What is the Connection Between Epilepsy and Memory Loss?

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  • Written By: Sarah Kay Moll
  • Edited By: Heather Bailey
  • Last Modified Date: 30 September 2019
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Epilepsy and memory loss can be connected in several ways. Some seizures, especially grand mal seizures, can cause temporary memory loss. Uncontrolled seizures over a period of time can also affect the memory. Sometimes, seizures and memory loss have the same cause, such as a head injury.

Seizures, which are episodes where the brain fires random electrical signals, are typically caused by epilepsy. These seizures can affect only part of the brain or the entire thing. Epilepsy can be treated with anti-convulsant medications, and in some cases, surgery. If the condition is not treated, the seizures may become more frequent and more severe, and lead to more pronounced memory loss.

Generalized tonic-clonic seizures, also called grand mal seizures, affect the entire brain. In this type of seizure, a person will lose consciousness and thrash his limbs about. After a grand mal seizure, the person affected will often forget events surrounding the seizure.

Unlike grand mal seizures, petit mal seizures are characterized by an absence of movement, consciousness, and focus. During this type of seizure, a person will stop what he is doing and stare off into space, unresponsive. These episodes typically only last a few seconds, but the person will not remember the seizure, and sometimes may forget the events surrounding it as well.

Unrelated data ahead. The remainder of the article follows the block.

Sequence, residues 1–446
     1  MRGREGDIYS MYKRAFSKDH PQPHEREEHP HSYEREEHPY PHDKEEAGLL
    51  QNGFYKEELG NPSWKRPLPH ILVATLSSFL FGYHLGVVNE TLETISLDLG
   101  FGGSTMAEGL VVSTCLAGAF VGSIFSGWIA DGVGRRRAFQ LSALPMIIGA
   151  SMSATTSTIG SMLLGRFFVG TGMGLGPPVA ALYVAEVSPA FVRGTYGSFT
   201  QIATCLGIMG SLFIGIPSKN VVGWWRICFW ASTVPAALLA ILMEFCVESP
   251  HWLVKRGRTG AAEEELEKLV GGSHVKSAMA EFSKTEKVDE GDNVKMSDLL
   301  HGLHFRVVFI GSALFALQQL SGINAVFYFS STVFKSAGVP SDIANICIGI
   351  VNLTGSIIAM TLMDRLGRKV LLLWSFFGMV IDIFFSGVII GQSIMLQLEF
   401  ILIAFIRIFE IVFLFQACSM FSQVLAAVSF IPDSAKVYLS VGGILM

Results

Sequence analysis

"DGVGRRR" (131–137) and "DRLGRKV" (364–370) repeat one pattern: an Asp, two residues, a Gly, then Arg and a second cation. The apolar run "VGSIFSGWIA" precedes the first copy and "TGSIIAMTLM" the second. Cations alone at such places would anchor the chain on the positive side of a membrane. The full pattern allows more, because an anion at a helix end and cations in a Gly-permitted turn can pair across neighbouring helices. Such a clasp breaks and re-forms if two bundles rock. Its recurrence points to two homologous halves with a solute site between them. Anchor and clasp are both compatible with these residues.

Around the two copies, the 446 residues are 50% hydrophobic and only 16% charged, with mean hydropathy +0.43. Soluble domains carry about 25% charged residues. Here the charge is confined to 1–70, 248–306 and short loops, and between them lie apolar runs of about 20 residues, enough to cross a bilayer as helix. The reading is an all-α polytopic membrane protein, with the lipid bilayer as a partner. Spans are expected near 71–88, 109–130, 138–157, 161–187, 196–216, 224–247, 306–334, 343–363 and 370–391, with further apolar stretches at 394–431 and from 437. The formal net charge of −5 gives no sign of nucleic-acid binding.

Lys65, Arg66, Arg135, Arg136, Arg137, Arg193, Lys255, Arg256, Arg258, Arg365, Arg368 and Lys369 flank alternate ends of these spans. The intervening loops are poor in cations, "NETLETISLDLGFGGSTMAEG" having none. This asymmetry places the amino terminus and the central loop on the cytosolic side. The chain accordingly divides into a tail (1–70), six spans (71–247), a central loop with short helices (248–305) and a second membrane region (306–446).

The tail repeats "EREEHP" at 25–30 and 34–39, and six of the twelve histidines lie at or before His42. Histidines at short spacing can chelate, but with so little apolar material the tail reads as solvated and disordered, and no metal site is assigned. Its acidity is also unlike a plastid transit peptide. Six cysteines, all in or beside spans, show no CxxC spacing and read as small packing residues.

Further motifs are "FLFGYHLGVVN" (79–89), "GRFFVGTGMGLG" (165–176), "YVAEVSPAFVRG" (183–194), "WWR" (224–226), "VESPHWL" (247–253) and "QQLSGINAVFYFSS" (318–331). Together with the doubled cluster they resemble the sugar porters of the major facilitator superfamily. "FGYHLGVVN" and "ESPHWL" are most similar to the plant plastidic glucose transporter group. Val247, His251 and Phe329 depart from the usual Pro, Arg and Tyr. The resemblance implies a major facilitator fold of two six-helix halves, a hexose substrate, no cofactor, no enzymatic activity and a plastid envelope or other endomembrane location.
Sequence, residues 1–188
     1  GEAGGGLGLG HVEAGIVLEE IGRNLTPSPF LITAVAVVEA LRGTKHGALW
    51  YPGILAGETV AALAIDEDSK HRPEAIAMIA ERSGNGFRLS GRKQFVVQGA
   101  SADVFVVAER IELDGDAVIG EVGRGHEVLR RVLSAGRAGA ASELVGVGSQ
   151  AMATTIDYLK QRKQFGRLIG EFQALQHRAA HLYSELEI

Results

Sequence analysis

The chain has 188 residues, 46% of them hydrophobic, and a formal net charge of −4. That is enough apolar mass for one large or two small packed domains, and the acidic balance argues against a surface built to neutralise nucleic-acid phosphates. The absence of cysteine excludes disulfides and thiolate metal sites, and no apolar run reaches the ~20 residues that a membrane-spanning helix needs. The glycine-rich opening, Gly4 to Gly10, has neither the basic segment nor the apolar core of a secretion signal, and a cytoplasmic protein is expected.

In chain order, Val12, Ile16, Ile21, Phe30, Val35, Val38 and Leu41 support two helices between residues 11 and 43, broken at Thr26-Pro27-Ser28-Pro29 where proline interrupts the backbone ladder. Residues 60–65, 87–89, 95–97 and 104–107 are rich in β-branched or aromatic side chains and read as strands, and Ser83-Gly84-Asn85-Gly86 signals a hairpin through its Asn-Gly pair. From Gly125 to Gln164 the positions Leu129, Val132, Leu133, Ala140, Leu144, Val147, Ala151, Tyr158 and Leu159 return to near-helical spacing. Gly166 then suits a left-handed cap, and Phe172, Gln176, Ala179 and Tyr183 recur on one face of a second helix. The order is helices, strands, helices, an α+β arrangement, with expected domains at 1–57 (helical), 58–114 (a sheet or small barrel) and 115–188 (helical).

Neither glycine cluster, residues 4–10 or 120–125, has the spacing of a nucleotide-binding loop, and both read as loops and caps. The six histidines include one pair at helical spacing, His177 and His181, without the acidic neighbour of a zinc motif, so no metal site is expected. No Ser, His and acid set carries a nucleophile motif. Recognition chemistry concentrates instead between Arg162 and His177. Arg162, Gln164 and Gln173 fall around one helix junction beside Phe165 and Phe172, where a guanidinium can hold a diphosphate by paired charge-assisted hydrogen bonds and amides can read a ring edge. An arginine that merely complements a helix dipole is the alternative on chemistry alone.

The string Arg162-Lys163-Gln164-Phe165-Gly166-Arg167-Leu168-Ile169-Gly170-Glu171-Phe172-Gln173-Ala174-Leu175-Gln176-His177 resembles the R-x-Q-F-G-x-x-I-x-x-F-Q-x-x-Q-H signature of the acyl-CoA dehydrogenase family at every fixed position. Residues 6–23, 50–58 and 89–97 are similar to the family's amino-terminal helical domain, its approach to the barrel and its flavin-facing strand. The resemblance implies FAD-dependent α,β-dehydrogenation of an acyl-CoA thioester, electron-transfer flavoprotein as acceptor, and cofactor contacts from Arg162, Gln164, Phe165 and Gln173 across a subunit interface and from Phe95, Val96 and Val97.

Studies show that chronic epilepsy and memory loss often go hand in hand. A study done by the University of Wisconsin showed that rats that suffered from continuous grand mal seizures began to demonstrate abnormalities in the hippocampus, a part of the brain involved in long term memory and spatial memory. These rats began to suffer memory loss, showing deficits in spatial memory and neuronal loss.

Temporal lobe epilepsy can also be connected to memory loss. A study from the Annals of Neurology followed people with this condition who were treated either medically or with surgery. This study found that chronic temporal lobe epilepsy was correlated with memory loss, but that people who were treated and had their seizures under control were able to return to normal in terms of memory functioning.

Seizures and memory loss can sometimes have the same cause. Head trauma can cause both, depending on the severity of the damage and the area affected. Dementia can also complicate the relationship between epilepsy and memory loss. This is one of several disorders that cause a gradual loss of cognitive functions, including memory. Some types of dementia can also cause seizures.


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